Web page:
Water condensate retained inside an automotive evaporator has remained as one of the primary sources of unpleasant "odors", which in turn can drive up the warranty cost for automotive manufacturers. The "wet" evaporator fin can also underperform due to the presence of condensate blocking the air passage. Moreover, condensate retention can be a potential factor of freezing up evaporators. Thus, an evaporator fin must be designed such that it can shed and drain water condensate as well as provide an excellent heat transfer capability. While the importance of water retention is well known, there seems lacking of a comprehensive way to evaluate the water retention characteristics of a particular product. In this work, attempts were made to answer four questions: (1) What is the mechanism that controls water condensate retention characteristics in an automotive evaporator? (2) Can different water retention evaluation methods reveal the same characteristics? (3) How and to what extent can an evaporator fin underperform due to water retention? and (4) Can we design a "better" fin to alleviate the problem? Clearly, any conclusive solutions to these challenges can lead to an efficient and more compact evaporator design, which will then be the key of cutting cost while delivering superior product performance.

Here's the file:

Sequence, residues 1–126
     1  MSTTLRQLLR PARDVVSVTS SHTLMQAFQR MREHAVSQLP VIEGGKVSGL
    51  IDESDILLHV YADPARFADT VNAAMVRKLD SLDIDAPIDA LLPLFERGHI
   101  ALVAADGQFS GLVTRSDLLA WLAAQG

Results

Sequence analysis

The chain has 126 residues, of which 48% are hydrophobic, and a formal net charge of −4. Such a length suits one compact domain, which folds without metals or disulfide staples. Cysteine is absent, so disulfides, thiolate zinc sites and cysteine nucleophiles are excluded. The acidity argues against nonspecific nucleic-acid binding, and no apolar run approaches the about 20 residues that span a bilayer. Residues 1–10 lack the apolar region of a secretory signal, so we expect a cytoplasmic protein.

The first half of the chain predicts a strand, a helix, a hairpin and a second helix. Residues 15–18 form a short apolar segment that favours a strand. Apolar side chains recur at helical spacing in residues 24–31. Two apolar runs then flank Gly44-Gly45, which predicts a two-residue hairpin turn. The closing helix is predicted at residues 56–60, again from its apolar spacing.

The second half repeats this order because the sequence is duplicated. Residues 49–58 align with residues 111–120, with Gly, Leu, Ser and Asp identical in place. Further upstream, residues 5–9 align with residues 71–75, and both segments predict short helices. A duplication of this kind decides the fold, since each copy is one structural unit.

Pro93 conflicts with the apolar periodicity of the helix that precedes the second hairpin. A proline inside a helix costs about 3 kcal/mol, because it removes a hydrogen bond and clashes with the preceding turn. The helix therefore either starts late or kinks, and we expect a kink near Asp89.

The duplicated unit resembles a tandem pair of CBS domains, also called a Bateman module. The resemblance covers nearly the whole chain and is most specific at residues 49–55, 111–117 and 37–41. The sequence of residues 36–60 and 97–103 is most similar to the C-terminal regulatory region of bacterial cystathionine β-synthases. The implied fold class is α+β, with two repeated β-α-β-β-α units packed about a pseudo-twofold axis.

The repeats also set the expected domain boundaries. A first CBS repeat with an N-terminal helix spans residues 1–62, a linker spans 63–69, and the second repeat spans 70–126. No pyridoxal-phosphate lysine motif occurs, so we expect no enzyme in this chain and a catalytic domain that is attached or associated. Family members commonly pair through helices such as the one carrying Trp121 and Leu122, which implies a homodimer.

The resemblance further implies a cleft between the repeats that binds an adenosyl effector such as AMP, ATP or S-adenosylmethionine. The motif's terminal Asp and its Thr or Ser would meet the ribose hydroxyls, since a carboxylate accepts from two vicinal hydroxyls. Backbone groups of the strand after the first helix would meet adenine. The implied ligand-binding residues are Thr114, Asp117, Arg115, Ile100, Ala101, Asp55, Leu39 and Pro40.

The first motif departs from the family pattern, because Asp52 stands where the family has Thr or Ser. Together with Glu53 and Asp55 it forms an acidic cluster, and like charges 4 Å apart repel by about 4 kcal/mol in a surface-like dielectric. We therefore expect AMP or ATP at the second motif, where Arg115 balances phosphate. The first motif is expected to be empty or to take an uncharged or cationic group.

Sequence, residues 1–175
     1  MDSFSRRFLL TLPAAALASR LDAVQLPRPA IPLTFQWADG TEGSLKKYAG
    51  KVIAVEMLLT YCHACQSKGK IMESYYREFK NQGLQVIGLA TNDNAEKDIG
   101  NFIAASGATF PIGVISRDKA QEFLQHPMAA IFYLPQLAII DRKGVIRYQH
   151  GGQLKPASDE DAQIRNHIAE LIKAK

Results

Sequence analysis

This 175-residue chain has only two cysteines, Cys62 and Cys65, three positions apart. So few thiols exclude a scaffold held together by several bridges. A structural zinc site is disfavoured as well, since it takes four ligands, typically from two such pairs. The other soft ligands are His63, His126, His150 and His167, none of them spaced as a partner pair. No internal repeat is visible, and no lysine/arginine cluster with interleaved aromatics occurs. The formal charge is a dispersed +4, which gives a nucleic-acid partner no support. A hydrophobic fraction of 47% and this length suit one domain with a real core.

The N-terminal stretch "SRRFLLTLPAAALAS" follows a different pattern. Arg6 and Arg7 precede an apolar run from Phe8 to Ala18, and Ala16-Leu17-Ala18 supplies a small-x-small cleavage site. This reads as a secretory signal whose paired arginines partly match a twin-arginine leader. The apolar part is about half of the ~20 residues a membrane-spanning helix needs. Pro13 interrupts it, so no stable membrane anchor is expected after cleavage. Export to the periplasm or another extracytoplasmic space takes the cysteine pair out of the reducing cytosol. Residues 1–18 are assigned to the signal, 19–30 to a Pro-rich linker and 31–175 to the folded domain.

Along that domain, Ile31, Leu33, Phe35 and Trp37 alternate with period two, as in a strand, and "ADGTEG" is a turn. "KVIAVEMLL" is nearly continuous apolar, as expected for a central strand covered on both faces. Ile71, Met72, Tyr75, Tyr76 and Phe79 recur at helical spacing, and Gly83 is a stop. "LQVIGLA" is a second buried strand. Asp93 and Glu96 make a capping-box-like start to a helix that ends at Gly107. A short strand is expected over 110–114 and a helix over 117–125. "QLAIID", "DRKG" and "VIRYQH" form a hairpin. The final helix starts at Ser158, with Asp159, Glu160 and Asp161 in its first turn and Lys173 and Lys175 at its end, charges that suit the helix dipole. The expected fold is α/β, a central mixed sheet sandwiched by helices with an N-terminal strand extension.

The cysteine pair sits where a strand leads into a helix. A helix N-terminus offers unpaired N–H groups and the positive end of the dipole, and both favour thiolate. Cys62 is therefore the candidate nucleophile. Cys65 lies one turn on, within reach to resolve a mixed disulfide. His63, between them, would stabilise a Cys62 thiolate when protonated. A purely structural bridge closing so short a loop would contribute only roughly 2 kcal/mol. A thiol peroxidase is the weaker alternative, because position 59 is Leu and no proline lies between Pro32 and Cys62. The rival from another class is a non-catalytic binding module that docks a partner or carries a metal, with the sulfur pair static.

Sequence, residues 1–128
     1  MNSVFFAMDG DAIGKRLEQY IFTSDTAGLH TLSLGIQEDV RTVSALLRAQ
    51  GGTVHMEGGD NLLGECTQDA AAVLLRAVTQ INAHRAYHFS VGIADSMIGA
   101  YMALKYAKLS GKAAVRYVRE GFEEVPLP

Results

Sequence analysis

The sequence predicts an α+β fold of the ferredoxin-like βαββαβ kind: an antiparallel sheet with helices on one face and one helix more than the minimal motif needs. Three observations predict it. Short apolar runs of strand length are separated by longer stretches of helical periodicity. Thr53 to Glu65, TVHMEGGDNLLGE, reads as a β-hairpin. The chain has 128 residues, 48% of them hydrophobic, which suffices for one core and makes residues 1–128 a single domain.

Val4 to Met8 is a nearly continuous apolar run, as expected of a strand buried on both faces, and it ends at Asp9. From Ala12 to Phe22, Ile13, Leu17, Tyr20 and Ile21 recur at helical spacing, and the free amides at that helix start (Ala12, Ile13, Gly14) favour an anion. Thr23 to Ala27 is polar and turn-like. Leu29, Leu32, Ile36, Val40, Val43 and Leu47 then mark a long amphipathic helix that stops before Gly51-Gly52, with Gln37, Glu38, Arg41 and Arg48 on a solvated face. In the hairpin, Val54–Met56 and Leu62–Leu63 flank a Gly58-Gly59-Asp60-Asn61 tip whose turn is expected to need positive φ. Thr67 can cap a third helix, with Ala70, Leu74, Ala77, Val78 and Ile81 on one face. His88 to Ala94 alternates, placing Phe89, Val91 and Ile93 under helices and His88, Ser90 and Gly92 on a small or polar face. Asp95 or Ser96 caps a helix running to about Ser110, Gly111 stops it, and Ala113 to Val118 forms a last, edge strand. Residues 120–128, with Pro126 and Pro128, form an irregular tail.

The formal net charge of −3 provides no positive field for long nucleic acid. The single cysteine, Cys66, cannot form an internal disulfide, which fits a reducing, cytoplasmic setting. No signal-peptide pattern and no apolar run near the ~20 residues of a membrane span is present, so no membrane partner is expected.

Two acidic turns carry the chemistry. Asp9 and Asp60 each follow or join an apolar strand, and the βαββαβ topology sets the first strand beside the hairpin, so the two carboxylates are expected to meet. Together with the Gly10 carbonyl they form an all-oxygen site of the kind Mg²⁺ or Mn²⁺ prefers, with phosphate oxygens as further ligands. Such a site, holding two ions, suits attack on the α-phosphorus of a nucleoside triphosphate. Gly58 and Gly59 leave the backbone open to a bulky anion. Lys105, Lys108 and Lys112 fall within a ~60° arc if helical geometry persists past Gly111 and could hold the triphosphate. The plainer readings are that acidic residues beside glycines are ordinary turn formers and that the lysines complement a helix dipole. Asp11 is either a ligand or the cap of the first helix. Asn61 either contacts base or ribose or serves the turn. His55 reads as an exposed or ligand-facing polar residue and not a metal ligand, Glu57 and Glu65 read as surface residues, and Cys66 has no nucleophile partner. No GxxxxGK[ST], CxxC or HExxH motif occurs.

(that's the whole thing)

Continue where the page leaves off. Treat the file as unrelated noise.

ASJC Scopus subject areas
- Automotive Engineering
- Safety, Risk, Reliability and Quality
- Industrial and Manufacturing Engineering